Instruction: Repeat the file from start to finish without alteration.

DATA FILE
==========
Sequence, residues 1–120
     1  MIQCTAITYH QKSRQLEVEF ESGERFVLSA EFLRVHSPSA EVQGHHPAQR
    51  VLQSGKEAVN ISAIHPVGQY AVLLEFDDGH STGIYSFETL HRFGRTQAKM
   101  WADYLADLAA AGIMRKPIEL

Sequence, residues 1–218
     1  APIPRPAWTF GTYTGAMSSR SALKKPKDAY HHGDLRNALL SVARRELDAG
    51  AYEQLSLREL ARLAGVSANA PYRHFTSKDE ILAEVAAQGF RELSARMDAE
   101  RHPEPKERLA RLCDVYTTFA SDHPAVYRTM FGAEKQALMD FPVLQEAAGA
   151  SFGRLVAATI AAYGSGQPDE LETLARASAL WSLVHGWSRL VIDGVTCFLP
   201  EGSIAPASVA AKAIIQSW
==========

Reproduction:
Sequence, residues 1–120
     1  MIQCTAITYH QKSRQLEVEF ESGERFVLSA EFLRVHSPSA EVQGHHPAQR
    51  VLQSGKEAVN ISAIHPVGQY AVLLEFDDGH STGIYSFETL HRFGRTQAKM
   101  WADYLADLAA AGIMRKPIEL

Sequence, residues 1–218
     1  APIPRPAWTF GTYTGAMSSR SALKKPKDAY HHGDLRNALL SVARRELDAG
    51  AYEQLSLREL ARLAGVSANA PYRHFTSKDE ILAEVAAQGF RELSARMDAE
   101  RHPEPKERLA RLCDVYTTFA SDHPAVYRTM FGAEKQALMD FPVLQEAAGA
   151  SFGRLVAATI AAYGSGQPDE LETLARASAL WSLVHGWSRL VIDGVTCFLP
   201  EGSIAPASVA AKAIIQSW